Population.—In 1905 the population of Saxony was 4,508,601, or 7.4% of the total population of the German empire, on 2.7% of its area. Except the free towns, Saxony is the most densely peopled member of the empire, and its population is increasing at a more rapid rate than is the case in any of the larger German states. The growth of the population since 1815, when the kingdom received its present limits, has been as follows: (1815) 1,178,802; (1830) 1,402,066; (1840) 1,706,275; (1864) 2,344,094; (1875) 2,760,586; (1895) 3,787,688; (1900) 4,202,216. The preponderating industrial activity of the kingdom fosters the tendency of the population to concentrate in towns, and no German state, with the exceptio_n of the Hanseatic towns, has so large a proportion of urban population, this forming 52.97% of the whole. The people of Saxony are chiefly of pure Teutonic stock; a proportion are Germanized Slavs, and to the south of Bautzen there is a large settlement of above 50,000 Wends, who retain their peculiar customs and language.

The following table shows the area and population of the whole kingdom and of each of the five chief governmental districts, or Kreishauptmannschaften, into which it is divided:—

Area in Eng.
sq. m.
Pop. 1900. Pop. 1905. Density per
sq. m., 1905.
Total    5787 4,202,216 4,508,601 779.1

The chief towns are Dresden (pop. 1905, 514,283), Leipzig (502,570), Chemnitz (244,405), Plauen (105,182), Zwickau (68,225), Zittau (34,679), Meissen (32,175), Freiberg (30,869), Bautzen (29,372), Meerane (24,994), Glauchau (24,556), Reichenbach (24,911), Crimmitzschau (23,340), Werdau (19,476), Pirna (19,200).

Communications.—The roads in Saxony are numerous and good. The first railway between Leipzig and Dresden, due entirely to private enterprise, was opened in part in April 1837, and finished in 1840, with a length of 71 m. In 1850 there were 250; in 1870, 685; in 1880, 1184; and in 1905, 1920 m., together with 25 m. of private line, all worked by the state. There are no canals in the kingdom, and the only navigable river is the Elbe.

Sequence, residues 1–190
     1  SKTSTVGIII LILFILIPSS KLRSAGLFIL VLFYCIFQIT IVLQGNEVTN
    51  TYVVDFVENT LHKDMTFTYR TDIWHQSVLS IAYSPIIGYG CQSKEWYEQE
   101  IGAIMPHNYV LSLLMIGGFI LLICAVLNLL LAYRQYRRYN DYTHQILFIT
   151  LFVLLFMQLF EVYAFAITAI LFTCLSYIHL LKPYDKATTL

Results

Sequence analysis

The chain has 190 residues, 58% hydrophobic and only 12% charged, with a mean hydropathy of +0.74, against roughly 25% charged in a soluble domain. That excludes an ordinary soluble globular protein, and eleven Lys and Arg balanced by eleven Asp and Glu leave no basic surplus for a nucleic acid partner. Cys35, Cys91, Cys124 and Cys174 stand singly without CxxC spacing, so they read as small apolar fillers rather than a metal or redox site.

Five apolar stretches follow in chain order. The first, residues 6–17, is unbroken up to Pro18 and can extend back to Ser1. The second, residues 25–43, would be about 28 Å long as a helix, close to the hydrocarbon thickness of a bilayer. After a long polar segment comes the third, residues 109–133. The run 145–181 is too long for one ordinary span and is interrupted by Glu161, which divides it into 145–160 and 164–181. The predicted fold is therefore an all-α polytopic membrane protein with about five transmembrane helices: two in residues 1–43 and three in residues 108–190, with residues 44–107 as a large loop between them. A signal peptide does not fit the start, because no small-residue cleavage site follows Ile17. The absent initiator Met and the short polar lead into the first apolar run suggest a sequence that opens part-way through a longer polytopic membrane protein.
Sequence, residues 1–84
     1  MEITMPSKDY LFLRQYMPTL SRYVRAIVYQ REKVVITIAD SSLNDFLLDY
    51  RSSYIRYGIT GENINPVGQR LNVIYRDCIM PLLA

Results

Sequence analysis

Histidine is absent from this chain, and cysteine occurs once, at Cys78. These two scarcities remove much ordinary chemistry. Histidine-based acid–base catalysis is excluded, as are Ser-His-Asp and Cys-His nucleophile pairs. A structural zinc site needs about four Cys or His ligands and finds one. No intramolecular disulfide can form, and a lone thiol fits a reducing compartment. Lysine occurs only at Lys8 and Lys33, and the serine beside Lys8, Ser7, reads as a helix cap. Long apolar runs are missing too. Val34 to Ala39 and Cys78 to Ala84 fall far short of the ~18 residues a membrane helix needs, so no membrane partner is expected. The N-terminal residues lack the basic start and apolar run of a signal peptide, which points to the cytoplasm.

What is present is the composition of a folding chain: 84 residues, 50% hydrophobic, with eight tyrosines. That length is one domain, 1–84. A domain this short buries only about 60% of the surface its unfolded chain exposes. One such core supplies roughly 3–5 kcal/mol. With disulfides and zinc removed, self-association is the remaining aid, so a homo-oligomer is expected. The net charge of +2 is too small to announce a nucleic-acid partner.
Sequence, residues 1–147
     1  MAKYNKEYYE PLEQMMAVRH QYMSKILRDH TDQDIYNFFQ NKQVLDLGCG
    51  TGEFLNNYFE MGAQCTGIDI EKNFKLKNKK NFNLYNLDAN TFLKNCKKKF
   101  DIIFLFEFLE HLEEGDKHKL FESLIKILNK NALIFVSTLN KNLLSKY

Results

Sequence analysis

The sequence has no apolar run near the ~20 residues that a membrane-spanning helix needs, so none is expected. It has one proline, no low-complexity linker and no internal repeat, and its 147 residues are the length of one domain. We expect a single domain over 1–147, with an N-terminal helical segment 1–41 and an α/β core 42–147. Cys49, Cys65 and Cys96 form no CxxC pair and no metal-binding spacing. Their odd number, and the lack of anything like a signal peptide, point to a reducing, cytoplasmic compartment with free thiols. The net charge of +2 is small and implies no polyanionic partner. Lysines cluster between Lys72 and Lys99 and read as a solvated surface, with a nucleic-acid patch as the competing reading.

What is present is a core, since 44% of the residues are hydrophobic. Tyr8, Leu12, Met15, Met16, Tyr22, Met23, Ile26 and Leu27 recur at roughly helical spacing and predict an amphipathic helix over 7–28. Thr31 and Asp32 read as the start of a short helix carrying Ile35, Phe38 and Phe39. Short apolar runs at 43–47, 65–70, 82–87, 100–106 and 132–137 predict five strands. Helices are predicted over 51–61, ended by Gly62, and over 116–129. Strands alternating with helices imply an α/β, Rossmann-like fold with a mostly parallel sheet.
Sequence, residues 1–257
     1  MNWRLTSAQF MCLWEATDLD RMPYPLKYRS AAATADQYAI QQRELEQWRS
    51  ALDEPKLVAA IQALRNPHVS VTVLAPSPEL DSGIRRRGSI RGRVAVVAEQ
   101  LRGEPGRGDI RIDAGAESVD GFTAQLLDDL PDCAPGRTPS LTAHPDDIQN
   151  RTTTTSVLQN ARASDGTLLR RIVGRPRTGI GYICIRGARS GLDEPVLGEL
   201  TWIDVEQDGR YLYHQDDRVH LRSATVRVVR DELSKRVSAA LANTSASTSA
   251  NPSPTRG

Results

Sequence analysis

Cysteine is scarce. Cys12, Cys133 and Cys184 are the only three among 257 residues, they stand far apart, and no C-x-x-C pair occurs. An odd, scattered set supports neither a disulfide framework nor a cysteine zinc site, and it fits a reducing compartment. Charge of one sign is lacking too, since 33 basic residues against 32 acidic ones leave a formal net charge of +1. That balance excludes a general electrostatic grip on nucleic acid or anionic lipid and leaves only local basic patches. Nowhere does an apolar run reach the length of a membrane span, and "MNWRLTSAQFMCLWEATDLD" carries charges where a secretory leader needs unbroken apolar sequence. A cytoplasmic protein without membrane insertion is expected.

Agriculture.—Saxony is one of the most fertile parts of Germany, and is agriculturally among the most advanced nations of the world. The lowest lands are the most productive, and fertility diminishes as we ascend towards the south, until on the bleak crest of the Erzgebirge cultivation ceases altogether. Saxon agriculture, though dating its origin from the Wends, was long impeded by antiquated customs, while the land was subdivided into small parcels and subjected to vexatious rights. But in 1834 a law was passed providing for the union of the scattered lands belonging to each proprietor, and that may be considered the dawn of modern Saxon agriculture. The richest grain districts are near Meissen, Grimma, Bautzen, Döbeln and Pirna. The chief crop is rye, but oats are hardly second to it. Wheat and barley are grown in considerably less quantity. Very large quantities of potatoes are grown, especially in the Vogtland. Beet is chiefly grown as feeding stuff for cattle, and not for sugar. Flax is grown in the Erzgebirge and Lusatian mountains, where the manufacture of linen was at one time a flourishing domestic industry. Saxony owes its unusual wealth in fruit partly to the care of the elector Augustus I., who is said never to have stirred abroad without fruit seeds for distribution among the peasants and farmers. Enormous quantities of cherries, plums and apples are annually borne by the trees round Leipzig, Dresden and Colditz. The cultivation of the vine in Saxony is respectable for its antiquity, though the yield is insignificant. Wine is said to have been grown here in the 11th century; the Saxon vineyards, chiefly on the banks of the Elbe near Meissen and Dresden, have of late years, owing to the ravages of the phylloxera, become almost extinct.